Sandbanks are a hazard to marine traffic. Often found near coastlines, near the mouth of a river and around ports, these shallow, submerged beds of sand keep changing their shape and position posing great navigation risk to ships. Because the sand tends to drift with the tides, it is difficult to anchor a warning lightship on a sandbank, much less get a firm foundation for a permanent lighthouse.
The problem of erecting a lighthouse on sandbanks and shoals greatly disturbed Alexander Mitchell (1780 – 1868), an Irish brick-maker who ran a successful brick-making business near Belfast. Belfast has a strong seafaring tradition, and Mitchell had no doubt heard many tragic tales of lives lost at sea and ships grounded on the mudflats. Mitchell decided to do something about it despite having no formal training in engineering, or lighthouse building. Remarkably, Alexander Mitchell was also blind.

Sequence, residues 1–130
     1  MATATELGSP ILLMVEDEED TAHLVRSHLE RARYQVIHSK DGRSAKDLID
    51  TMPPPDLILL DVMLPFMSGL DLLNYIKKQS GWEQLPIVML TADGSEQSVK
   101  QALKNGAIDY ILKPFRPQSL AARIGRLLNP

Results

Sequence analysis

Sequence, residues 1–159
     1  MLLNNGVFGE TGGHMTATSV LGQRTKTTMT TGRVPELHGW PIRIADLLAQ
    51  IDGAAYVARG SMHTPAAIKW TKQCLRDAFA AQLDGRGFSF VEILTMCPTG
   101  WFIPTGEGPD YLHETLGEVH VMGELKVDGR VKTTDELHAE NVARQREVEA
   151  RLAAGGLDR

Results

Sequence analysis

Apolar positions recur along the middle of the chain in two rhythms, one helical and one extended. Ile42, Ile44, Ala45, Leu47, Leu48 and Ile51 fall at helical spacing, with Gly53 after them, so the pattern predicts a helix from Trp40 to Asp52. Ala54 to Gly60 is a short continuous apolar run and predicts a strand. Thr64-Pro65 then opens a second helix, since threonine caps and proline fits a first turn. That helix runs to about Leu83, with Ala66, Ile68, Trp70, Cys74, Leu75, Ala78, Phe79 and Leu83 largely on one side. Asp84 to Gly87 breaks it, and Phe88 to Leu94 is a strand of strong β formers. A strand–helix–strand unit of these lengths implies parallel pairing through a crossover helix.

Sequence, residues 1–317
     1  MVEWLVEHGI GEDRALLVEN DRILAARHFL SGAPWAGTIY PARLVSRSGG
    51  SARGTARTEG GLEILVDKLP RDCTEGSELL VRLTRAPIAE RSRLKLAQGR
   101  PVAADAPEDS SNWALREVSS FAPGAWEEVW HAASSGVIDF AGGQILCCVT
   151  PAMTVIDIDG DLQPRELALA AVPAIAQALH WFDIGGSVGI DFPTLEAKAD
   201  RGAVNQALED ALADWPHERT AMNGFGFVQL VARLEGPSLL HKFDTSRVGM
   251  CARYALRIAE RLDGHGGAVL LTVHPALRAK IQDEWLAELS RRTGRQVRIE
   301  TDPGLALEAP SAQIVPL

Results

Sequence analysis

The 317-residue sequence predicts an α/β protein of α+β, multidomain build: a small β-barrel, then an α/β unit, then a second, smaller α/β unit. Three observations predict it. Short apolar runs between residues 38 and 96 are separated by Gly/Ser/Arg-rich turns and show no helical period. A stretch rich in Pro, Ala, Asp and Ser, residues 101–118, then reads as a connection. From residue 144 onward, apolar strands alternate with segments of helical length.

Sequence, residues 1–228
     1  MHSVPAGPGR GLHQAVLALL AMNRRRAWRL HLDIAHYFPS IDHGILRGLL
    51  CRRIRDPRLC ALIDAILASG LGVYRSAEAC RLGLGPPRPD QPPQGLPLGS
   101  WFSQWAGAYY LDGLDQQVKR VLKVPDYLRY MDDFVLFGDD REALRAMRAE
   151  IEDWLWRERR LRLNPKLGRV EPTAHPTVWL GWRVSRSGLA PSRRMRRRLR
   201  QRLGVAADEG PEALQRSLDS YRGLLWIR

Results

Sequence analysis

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Thomas Point Shoal Lighthouse in the Chesapeake Bay, Maryland, United States, was erected in 1875 and still stands today. Photo credit: Mark/Flickr